Consider the seven Ps by Vrooms and McCarthy where most Ps intended to be used and influenced by marketing are left to other departments. For example, most company CEOs or the R&D head in the central operations team engineers new products and re-engineers the old with marketing involved in campaign development.
Marketers generate pricing options but the policies, costing and margins are set by the finance department. Distribution is a role increasingly controlled by the logistics or expansion teams in the operations department. Consider the organisational structure of the large modern trade retailing giants in Sri Lanka and you would see that the sales function or distribution is aligned to the operations department with marketing playing the branding and marcom roles.
However, the function on managing the promotional mix is a dominant part of the marketing function and in most cases the only ‘P’ managed and influenced out of the seven Ps. Physical evidence is managed by the service, logistics or operations teams and all people-related decisions are spearheaded by HR and processes are managed and re-engineered by the operations team.
The concept of market orientation is broader in scope than marketing orientation. The marketing mindset is a business philosophy and must not be confined to a particular division within the company. Everyone’s job is to be a part-time marketer and the full time marketers must play a strategic role and fuel corporate strategy.
Narver and Slater in their paper ‘The effect of market orientation on business profitability’ define market orientation as a culture where beating competition through the creation of superior customer value is the paramount objective throughout the business.
The paper goes on to add that a company must be customer oriented, competitor orientated, responsive to changes, display cooperation amongst functions and have an emphasis of profit rather than turnover to be classified as a market led organisation.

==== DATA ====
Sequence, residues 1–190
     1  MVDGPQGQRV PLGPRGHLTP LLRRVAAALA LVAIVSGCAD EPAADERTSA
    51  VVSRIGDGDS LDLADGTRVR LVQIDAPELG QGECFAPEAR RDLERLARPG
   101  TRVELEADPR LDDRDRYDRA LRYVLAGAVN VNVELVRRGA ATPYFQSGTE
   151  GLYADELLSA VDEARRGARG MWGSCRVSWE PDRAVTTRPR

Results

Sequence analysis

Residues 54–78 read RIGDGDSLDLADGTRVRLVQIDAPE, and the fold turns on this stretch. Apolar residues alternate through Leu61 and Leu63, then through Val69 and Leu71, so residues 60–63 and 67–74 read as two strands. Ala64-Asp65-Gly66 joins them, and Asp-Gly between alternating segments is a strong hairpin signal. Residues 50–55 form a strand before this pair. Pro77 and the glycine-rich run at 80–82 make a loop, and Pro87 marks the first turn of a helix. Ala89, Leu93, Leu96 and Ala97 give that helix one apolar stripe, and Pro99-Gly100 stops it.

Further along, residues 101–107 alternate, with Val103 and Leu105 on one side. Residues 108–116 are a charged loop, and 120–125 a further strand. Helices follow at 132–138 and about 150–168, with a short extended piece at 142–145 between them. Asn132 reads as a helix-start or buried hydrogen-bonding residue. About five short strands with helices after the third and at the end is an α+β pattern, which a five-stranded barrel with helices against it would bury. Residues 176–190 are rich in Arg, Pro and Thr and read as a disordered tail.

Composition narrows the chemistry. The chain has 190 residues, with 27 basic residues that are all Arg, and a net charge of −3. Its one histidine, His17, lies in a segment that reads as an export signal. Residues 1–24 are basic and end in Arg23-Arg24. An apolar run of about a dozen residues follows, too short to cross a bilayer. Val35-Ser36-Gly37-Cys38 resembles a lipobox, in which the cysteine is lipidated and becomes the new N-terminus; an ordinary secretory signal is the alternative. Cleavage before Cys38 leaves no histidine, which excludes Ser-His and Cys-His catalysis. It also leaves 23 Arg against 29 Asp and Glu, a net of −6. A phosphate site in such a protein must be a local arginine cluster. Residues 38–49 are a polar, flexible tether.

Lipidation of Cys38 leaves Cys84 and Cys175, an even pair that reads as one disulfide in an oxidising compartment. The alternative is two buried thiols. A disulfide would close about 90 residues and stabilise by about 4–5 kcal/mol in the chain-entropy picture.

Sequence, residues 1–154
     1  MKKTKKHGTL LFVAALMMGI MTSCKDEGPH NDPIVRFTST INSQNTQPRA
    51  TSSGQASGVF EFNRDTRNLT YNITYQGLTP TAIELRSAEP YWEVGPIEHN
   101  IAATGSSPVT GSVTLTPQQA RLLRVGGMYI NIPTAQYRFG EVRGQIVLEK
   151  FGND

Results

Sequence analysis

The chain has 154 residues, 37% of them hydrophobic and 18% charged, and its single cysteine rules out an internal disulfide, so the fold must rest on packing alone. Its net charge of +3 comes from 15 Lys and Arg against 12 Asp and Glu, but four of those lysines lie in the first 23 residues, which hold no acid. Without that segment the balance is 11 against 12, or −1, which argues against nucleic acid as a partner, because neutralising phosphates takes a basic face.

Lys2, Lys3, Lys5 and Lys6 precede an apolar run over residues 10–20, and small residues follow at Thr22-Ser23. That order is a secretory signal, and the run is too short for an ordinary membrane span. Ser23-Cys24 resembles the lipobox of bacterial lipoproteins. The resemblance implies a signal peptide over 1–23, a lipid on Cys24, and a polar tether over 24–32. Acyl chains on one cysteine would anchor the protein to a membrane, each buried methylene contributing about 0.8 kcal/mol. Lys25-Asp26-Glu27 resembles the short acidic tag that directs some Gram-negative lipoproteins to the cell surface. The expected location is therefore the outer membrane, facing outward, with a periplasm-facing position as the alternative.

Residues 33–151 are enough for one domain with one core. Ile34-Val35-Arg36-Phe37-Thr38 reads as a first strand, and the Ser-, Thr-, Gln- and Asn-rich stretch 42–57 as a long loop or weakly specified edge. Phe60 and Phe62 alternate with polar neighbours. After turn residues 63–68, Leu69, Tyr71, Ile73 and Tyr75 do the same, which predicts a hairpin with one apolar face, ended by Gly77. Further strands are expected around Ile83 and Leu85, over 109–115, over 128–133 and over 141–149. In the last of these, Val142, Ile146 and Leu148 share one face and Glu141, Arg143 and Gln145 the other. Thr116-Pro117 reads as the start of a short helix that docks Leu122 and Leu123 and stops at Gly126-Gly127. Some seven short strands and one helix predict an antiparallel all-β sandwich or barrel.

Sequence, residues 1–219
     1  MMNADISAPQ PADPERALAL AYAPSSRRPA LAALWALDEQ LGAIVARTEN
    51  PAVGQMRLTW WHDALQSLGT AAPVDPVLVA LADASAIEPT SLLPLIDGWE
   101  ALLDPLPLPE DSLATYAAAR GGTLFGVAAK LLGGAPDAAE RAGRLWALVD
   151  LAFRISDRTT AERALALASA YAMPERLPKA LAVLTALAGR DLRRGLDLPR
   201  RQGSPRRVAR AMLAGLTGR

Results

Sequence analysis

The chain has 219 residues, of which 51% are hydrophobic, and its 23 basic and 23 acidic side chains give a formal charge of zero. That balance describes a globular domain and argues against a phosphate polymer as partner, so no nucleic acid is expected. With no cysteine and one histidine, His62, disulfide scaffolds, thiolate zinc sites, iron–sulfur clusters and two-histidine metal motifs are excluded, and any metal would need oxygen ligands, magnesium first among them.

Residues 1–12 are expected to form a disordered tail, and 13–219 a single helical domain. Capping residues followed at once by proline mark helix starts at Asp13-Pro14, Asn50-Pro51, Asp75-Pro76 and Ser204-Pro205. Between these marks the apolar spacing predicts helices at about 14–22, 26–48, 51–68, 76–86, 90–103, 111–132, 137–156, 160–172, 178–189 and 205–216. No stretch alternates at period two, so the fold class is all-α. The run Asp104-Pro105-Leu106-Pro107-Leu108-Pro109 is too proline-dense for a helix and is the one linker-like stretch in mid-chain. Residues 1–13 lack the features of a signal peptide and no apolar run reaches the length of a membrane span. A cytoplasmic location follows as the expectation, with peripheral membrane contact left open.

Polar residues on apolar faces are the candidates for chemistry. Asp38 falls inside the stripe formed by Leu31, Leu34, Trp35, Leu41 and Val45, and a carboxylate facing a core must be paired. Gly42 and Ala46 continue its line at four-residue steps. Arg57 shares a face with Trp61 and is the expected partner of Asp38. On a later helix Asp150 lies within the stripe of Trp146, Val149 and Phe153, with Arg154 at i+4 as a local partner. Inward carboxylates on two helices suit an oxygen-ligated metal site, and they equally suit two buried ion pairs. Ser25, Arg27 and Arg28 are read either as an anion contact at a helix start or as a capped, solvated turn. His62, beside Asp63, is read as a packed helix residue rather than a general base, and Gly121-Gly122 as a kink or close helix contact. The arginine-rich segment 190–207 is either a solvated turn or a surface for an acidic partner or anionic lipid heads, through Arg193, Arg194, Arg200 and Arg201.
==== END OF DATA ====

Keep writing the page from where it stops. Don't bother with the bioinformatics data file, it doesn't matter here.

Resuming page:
Another behavioural definition is put forward by Kohil and Jaworski (1990), which explain market orientation as “an organisation wide generation of market intelligence, dissemination of its intelligence across departments, and organisation-wide responses to it”.
My definition of market orientation is a combination of the above definitions and is less complex. An organisation is market led when “the philosophy of marketing is practiced throughout the organisation in all departments”. This is easier said than done!
Marketing orientation is usually confined to a vertical pillar in the business and the challenge to a market led CEO is to break this paradigm and encourage all functions in the organisation to be part-time marketers. Nigel Piercy argues that in a truly market led organisation, the marketing department will disappear!
An art or a science?
My initial exploratory research carried out on a cross section of a sample of marketers revealed some interesting insights. To my amazement many didn’t understand the question at first and from those who did, almost all of them responded in favour of marketing being more of an art than a science.
The sub functions within marketing which are functions requiring more creativity such as branding, new product development, sales promotions, PR and advertising suggest that marketing is more of an art. Increasingly R&D, segmentation, marketing research, data analysis and marketing metrics justify marketing to be more of a rational science. The successful marketer may need to be a “right brain” creative as well as a “left brain” scientist.
Increasingly all creative, intuitive or qualitative concepts of marketing are metric driven. Take the example of services marketing which has moved into customer life cycle management from acquisition, engagement and churn to customer lifetime value metrics.
Brand management, which is to manage the functional aspects of the product and the emotional perceptions of the user, is extended into the science of valuing brands through analytical projections or quantitative valuations rather than mere opinions and perceptions. Marketers are failing to engage both analytical and creative sides of their brains.
Take the age old debate of creativity versus effectiveness between the advertising and marketing fraternity where practicing marketers today will question the advertising cost per inquiry (call, visit or web), advertising cost per sale and profit per ad to instil marketing accountability and a move towards a science with a clear rationale and justification rather than an art.